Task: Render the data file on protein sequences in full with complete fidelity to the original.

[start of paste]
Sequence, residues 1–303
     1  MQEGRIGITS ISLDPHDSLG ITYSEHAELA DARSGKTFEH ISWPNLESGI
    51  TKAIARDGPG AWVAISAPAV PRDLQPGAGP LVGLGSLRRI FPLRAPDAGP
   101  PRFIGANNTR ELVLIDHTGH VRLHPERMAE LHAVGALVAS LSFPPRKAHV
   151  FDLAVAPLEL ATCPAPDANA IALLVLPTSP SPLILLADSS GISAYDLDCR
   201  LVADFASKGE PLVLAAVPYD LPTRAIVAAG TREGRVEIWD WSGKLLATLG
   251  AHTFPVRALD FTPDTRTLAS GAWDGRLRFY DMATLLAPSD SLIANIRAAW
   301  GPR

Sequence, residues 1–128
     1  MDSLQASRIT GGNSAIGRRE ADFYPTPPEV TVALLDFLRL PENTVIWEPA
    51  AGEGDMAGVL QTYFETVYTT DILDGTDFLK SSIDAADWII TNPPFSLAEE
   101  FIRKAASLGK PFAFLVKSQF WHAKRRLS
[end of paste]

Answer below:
Sequence, residues 1–303
     1  MQEGRIGITS ISLDPHDSLG ITYSEHAELA DARSGKTFEH ISWPNLESGI
    51  TKAIARDGPG AWVAISAPAV PRDLQPGAGP LVGLGSLRRI FPLRAPDAGP
   101  PRFIGANNTR ELVLIDHTGH VRLHPERMAE LHAVGALVAS LSFPPRKAHV
   151  FDLAVAPLEL ATCPAPDANA IALLVLPTSP SPLILLADSS GISAYDLDCR
   201  LVADFASKGE PLVLAAVPYD LPTRAIVAAG TREGRVEIWD WSGKLLATLG
   251  AHTFPVRALD FTPDTRTLAS GAWDGRLRFY DMATLLAPSD SLIANIRAAW
   301  GPR

Sequence, residues 1–128
     1  MDSLQASRIT GGNSAIGRRE ADFYPTPPEV TVALLDFLRL PENTVIWEPA
    51  AGEGDMAGVL QTYFETVYTT DILDGTDFLK SSIDAADWII TNPPFSLAEE
   101  FIRKAASLGK PFAFLVKSQF WHAKRRLS